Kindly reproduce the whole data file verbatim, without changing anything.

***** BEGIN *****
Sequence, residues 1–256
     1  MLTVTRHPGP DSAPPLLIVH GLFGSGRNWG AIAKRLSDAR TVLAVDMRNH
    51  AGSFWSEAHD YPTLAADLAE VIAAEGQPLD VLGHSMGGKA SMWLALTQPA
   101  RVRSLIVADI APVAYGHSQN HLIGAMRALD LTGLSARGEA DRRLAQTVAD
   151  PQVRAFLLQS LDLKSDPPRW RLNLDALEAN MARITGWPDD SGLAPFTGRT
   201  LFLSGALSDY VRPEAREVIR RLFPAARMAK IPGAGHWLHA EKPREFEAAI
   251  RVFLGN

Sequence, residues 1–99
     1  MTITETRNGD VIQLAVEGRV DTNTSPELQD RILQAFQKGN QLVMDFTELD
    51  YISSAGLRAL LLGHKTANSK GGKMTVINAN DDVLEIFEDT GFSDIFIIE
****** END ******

Sequence, residues 1–256
     1  MLTVTRHPGP DSAPPLLIVH GLFGSGRNWG AIAKRLSDAR TVLAVDMRNH
    51  AGSFWSEAHD YPTLAADLAE VIAAEGQPLD VLGHSMGGKA SMWLALTQPA
   101  RVRSLIVADI APVAYGHSQN HLIGAMRALD LTGLSARGEA DRRLAQTVAD
   151  PQVRAFLLQS LDLKSDPPRW RLNLDALEAN MARITGWPDD SGLAPFTGRT
   201  LFLSGALSDY VRPEAREVIR RLFPAARMAK IPGAGHWLHA EKPREFEAAI
   251  RVFLGN

Sequence, residues 1–99
     1  MTITETRNGD VIQLAVEGRV DTNTSPELQD RILQAFQKGN QLVMDFTELD
    51  YISSAGLRAL LLGHKTANSK GGKMTVINAN DDVLEIFEDT GFSDIFIIE